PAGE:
• That meant Noll had to sweat out an entire round of a draft, a round of a draft in which the Steelers didn't have a selection, before he'd get a chance to pick the player he had wanted most. During that wait for the opportunity to pick Stallworth, Noll vowed, never again. And never again would the Steelers trade away a future draft pick, the way previous coach Buddy Parker had done so routinely year after year during the late 1950s and early 1960s.

• Anyway, that's an abridged history of the best draft in franchise history, and now let's look at the Steelers' drafts this century. And since General Manager Kevin Colbert was hired in advance of the 2000 NFL Draft, that coincides with an examination of how the Steelers have fared during the time he has headed up the personnel department.

• Using the traditional rule of thumb that it takes three football seasons to have the best chance to evaluate a particular draft class, the groups eligible for this most unscientific exercise will be the ones spanning 2000-15. And it's going to be done with the understanding that no single individual has total authority over which player gets picked when, and that many of the decisions are hammered out in the days leading up to the draft so that when the Steelers are on the clock virtually all of the heavy lifting has been done.

• During the specified time frame, the Steelers have made three trades to move about in the first round of a particular draft, and each time it proved to be a success. In 2001, the Steelers traded back from 16th overall to 19th overall and still got the guy they wanted: Texas nose tackle Casey Hampton. The trade was with the New York Jets, who wanted to move up to pick wide receiver Santana Moss.

• The Steelers then used some of the draft capital they got for making that move and packaged it to move up in the second round to pick Georgia linebacker Kendrell Bell, who finished 2001 tied with Joey Porter for second on the team with nine sacks and won NFL Defensive Rookie of the Year.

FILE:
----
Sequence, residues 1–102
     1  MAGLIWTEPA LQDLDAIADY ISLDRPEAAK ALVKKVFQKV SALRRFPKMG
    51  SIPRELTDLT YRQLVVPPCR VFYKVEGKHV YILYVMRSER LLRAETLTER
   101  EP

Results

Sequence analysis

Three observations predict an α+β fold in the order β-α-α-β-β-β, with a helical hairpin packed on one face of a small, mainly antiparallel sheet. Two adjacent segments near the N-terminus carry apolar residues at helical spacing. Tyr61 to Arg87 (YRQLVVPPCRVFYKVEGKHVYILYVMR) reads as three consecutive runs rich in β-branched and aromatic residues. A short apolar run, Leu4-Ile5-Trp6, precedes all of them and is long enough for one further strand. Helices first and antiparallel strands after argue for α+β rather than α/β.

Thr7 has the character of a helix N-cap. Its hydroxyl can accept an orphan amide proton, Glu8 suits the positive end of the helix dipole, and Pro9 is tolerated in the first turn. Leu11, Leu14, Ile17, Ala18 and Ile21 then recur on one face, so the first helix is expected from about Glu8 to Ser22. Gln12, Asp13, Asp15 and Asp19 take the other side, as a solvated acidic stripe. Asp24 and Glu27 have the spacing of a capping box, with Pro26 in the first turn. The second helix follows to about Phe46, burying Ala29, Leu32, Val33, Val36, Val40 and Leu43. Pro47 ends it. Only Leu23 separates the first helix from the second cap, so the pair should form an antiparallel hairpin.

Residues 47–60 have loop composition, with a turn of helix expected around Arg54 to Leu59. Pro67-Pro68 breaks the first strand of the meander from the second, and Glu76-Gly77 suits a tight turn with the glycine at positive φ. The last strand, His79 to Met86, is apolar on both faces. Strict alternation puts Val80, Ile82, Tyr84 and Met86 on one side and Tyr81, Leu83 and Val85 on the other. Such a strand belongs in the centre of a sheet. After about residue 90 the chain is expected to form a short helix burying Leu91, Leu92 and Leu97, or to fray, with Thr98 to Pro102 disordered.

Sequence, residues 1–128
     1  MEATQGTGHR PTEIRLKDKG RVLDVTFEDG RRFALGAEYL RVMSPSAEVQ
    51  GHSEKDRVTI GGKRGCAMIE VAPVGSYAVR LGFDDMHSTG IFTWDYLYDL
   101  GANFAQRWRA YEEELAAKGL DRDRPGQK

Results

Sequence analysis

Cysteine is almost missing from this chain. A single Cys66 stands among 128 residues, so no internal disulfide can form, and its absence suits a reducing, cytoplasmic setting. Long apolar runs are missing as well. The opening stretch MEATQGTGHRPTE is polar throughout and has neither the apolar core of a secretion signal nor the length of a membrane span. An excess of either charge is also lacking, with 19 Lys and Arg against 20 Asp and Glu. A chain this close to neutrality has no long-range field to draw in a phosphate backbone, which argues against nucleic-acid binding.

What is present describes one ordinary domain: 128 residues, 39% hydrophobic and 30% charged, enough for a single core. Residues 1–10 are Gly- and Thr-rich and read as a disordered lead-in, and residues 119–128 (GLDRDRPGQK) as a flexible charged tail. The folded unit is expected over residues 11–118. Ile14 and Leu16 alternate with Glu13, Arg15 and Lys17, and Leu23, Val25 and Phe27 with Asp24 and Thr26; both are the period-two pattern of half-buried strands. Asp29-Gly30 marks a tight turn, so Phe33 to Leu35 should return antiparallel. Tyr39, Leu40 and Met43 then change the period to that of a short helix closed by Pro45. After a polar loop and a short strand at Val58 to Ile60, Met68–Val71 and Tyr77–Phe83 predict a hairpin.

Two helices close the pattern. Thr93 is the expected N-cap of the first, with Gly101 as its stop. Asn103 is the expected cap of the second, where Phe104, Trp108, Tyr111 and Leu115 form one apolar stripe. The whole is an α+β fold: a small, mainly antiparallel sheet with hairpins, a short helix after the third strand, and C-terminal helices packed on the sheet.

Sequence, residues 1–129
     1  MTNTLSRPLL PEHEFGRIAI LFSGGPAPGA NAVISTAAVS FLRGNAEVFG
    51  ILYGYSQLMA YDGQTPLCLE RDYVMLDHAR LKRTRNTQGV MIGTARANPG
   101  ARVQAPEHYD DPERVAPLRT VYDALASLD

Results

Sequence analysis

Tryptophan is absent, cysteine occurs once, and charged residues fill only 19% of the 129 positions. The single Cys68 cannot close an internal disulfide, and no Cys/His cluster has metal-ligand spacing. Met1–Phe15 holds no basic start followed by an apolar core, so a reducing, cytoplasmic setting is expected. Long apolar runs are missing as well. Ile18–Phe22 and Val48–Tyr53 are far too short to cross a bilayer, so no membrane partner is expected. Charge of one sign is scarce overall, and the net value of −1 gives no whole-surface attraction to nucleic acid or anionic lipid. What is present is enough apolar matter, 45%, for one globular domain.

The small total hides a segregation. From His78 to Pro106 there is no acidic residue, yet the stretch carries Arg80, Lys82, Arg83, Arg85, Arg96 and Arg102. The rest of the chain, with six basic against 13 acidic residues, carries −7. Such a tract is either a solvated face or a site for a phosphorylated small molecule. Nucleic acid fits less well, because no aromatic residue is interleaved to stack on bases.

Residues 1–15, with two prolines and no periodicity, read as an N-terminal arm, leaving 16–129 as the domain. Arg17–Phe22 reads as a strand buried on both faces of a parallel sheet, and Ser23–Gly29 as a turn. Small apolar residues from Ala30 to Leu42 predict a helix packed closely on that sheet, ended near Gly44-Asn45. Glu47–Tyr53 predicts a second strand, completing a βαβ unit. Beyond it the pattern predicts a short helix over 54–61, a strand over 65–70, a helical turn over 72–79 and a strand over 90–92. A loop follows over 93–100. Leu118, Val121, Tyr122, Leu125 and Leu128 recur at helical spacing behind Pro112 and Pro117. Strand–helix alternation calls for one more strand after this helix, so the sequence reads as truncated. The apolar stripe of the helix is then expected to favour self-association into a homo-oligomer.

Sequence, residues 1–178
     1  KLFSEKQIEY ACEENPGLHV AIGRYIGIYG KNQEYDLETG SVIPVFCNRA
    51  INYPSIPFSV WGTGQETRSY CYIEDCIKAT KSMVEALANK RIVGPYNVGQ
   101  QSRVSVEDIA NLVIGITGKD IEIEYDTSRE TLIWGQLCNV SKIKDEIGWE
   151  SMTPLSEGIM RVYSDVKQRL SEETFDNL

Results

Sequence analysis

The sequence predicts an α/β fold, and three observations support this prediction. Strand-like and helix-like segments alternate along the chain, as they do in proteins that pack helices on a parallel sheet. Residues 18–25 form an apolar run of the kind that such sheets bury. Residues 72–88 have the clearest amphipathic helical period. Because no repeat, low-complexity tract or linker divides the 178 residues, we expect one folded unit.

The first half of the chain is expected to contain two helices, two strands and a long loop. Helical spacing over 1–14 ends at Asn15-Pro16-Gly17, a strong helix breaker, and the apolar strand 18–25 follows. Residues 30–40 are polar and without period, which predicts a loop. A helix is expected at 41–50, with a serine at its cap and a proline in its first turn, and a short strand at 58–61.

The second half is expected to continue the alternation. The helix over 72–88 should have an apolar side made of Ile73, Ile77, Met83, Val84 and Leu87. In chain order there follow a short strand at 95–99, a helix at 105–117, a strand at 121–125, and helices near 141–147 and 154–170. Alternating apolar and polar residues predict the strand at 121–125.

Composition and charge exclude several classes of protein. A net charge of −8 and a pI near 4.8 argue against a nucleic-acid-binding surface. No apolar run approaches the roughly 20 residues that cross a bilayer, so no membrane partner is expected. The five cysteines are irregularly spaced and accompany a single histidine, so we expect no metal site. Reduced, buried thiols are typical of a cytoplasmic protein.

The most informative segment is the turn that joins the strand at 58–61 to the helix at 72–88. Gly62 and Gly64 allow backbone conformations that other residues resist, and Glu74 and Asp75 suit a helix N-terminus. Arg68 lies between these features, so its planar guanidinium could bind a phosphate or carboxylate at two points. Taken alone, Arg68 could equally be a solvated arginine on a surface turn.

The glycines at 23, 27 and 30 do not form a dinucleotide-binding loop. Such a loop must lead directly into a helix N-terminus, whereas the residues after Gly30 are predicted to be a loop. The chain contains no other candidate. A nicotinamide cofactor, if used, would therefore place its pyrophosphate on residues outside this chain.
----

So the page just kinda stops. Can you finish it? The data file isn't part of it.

• The next time the Steelers moved was in 2003, and this one saved the day. Looking at a situation where they likely were going to choose between Penn State running back Larry Johnson and Florida State linebacker Alonzo Jackson if they stayed at No. 27 overall in the first round, the Steelers gave up third- and sixth-round picks to the Chiefs to move up to No. 16 overall where they were able to select USC safety Troy Polamalu.

• The third time came in 2006, and that was another time the Steelers moved up in the first round, this time from No. 32 overall to No. 25 overall to pick the top wide receiver prospect in that particular pool: Ohio State's Santonio Holmes. The cost for the move involved the Steelers second-round pick, which typically would be considered a steep price, but the player they added became the Super Bowl MVP a couple of seasons later.

• The team's best Day 3 picks (Rounds 4-7) during this era included (in no particular order): Antonio Brown, 195th overall in 2010; Brett Keisel, 242nd overall in 2002; Clark Haggans, 137th overall in 2000; William Gay, 170th overall in 2007; Kelvin Beachum, 248th overall in 2012; and Vince Williams, 206th overall in 2013.

• In the first-round bust category, at the top of the list are Jarvis Jones and possibly Ziggy Hood, but overall the Steelers have hit on their No. 1 picks during this period. Of the 16 No. 1 picks made from 2000-15, nine were voted to at least one Pro Bowl, and four of those nine were voted first-team All-Pro at least once. There was one NFL Offensive Rookie of the Year, one Defensive Player of the Year, and one Super Bowl MVP.

• There have been some anomalies, too. Such as the Steelers' penchant for identifying wide receivers – Burress, Antwaan Randle El, Holmes, Mike Wallace, Emmanuel Sanders, Brown, and Martavis Bryant – and their struggles in finding cornerbacks – Hank Poteat, Ricardo Colclough, Joe Burnett, Crezdon Butler, Curtis Brown, Cortez Allen, Terry Hawthorne, Shaquille Richardson, and Doran Grant.

• The Steelers are a team that believes in the draft as its primary method of roster-building, and over the 16 seasons in question, the team won eight division titles, made 11 appearances in the playoffs, won three AFC Championships and two Lombardi Trophies, and finished with a losing record just once.

• And in compiling that record, they have drafted in the top 10 once, in the top 15 five times, 20th or lower eight times, and 30th or lower five times.

• The NFL Draft is serious business, and it's a difficult enough business without your starting quarterback checking into a small-town hospital under an assumed name to have his throwing elbow cut open, unbeknownst to you, six weeks before you have to decide whether to draft his replacement.